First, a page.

Great Britain fall short of 2014 medal haul, yet still enjoy encouraging European Athletics Championships ahead of Rio

Great Britain claimed 16 medals during five days of competition at the European Athletics Championships in Amsterdam

Great Britain fall short of 2014 medal haul, yet still enjoy encouraging European Athletics Championships ahead of Rio
Dina Asher-Smith celebrates victory in the 200 meters in Amsterdam (image via:

Just over a month out from the Rio Olympics, the timing of this European Athletics Championships made from some interesting calls from British athletes. 

Some of the medal hopefuls for next month's Olympics such as Greg Rutherford and Dina Asher-Smith headed to Amsterdam in attempt to continue their preparations for Rio. Others such as Mo Farah and Jess Ennis stayed away, opting for extra training rather than competition before they head to Brazil. 

Greg Rutherford claimed another gold at a major championships (image via:

The selectors also cast an eye on performances in the Dutch capital, with one slot available for each of the disciplines following last month's Olympic trials in Birmingham

Overall, Great Britain secured 16 medals at the championships, including five golds which placed them third on the medal table behind Poland and Germany. Despite this being nowhere near the 12 golds and 23 overall medals from the 2014 championships in Zurich, the team look well set to challenge for a bundle of medals in track and field during the Olympics. 

Asher-Smith the brightest spot in group of young up-and-coming sprinters

After finishing fifth in last year's World Championships while running a national record, Dina Asher-Smith shot on to the world scene. 

The 20-year-old was dominant in winning the 200 metre title in Amsterdam, claiming her first major title with a season's best time of 22.37. 

The Londoner beat experienced Bulgarian Ivet Lalova-Collio into second place, before returning alongside Asha Philip, Bianca Williams and Daryll Neita to grab silver in the 4x100 relay behind the hosts led by golden girl Dafne Schippers who also romped home in the individual event

Anchorman CJ Ujah leads home the British team to relay gold (image source: getty via

In the men's sprint relay, the team of James Dasaolu, Adam Gemili, James Ellington and CJ Ujah beat a French team which included Jimmy Vicaut to claim gold in a time of 38.17. After last year's baton failure in Beijing, this gold will give the British quartet a lot of confidence looking ahead to Rio where they will be up against the might of America and Jamaica

Young duo grab opportunity and show strong competition form in gaining medals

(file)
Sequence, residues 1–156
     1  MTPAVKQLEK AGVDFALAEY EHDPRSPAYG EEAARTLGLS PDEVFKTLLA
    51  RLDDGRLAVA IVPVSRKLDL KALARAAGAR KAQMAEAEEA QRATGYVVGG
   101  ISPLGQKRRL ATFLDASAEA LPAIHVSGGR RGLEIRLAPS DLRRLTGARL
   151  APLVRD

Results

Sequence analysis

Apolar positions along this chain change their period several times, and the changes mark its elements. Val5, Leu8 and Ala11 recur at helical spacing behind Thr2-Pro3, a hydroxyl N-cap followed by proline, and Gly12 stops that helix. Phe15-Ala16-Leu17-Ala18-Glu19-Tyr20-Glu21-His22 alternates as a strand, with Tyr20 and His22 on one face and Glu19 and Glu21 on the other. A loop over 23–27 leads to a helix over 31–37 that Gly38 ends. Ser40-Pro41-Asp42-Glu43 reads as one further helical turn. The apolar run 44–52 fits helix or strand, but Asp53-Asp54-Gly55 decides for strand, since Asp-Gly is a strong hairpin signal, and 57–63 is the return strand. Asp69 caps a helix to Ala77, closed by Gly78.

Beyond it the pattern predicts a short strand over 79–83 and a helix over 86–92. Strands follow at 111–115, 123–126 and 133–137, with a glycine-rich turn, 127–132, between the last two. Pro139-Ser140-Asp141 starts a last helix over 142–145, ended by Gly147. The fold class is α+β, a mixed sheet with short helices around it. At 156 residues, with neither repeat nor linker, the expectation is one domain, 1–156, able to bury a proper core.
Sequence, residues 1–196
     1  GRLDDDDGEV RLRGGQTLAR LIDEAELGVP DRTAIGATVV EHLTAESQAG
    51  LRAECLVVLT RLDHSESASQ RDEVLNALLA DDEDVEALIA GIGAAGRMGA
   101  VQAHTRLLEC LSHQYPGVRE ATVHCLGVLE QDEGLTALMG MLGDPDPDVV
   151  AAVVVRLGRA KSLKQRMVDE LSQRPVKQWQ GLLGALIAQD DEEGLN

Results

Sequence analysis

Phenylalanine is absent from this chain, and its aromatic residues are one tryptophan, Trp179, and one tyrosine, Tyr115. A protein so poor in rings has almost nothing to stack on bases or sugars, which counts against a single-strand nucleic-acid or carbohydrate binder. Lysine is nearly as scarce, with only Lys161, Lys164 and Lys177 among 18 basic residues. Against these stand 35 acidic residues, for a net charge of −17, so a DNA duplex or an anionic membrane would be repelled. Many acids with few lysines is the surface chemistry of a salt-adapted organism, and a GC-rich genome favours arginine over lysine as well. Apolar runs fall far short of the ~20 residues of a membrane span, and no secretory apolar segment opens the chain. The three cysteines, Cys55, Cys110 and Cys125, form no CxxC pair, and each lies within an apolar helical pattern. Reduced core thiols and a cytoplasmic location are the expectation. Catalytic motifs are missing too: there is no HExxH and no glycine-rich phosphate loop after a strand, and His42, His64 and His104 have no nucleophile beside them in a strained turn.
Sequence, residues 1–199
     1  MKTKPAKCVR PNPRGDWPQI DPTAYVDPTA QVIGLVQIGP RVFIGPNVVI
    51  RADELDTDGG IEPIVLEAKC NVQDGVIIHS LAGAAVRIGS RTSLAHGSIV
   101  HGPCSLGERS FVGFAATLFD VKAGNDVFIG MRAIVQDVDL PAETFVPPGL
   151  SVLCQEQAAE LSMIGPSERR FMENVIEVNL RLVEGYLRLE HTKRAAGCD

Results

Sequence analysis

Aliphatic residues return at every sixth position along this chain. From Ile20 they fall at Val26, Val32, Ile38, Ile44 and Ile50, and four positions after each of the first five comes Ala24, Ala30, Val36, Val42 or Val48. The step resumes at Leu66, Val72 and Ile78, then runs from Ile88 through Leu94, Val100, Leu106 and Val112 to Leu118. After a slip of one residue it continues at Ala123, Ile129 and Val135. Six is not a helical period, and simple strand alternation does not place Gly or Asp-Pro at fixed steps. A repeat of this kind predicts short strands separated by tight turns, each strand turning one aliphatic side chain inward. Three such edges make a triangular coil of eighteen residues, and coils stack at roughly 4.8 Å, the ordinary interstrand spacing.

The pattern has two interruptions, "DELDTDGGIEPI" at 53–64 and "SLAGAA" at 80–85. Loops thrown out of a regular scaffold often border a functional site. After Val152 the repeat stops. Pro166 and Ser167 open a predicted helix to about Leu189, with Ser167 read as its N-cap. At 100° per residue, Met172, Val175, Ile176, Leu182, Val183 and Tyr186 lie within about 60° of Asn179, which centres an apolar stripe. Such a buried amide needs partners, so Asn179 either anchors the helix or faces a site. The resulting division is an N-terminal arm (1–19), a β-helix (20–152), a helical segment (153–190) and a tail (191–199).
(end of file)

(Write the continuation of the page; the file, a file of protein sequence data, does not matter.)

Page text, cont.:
Two of the younger members of the British squad were the biggest success stories for the team out in Amsterdam. 

In a fast 800 metre final, Elliot Giles ran a personal best time of 1.45.54 to claim a surprise bronze. Giles finished behind the experienced Polish duo of Adam Kszcot and Marcin Lewandowski to continue his strong form after winning the Britsh Championships last month. 

Another 22-year-old in the form of Jazmin Sawyers claimed long jump silver after jumping 6.86 metres in the third round of her final on Friday evening. The former Bobsleigh competitor beat her personal best in the process of claiming second place behind Serbia's Ivana Spanovic

Rooney and Rutherford reclaim European titles

Other British medallists include reigning 400 metre European champion Martyn Rooney who regained his title, and Danny Talbot who sprinted to bronze in the men's 200 metres. 

Martyn Rooney celebrates winning the 400 metre title (image via:

Greg Rutherford's fifth round jump of 8.25 metres was enough to gain back-to-back European titles ahead of Sweden's Michel Torneus who had put the pressure on with a season's best in the first round. 

There was further jumping success for the British team, with Juilan Reid winning bronze in the triple-jump and Robbie Grabarz and Chris Baker claiming silver and bronze respectively in the high-jump. 

A trio of bronzes went to Anyika Onuora (400m), Stephanie Twell (5,000m) and Tiffany Porter (100m hurdles) on the track, while the quartet of Emily Diamond, Onuora, Eilidh Doyle and Seren Bundy-Davies ran a world-lead time of 3.25.05 to win gold in the 4x400. Unfortunately the final race of the championships saw a gold slip through Britain's hands, with the 4x400 men's team of Rabah Yousif, Delano Williams, Jack Green and Matt Hudson-Smith knocked down to third after fast finishes by Belgium and Poland. 

A strong competition will really have helped this young British squad, who now head to Rio to compete against the best athletes on the planet.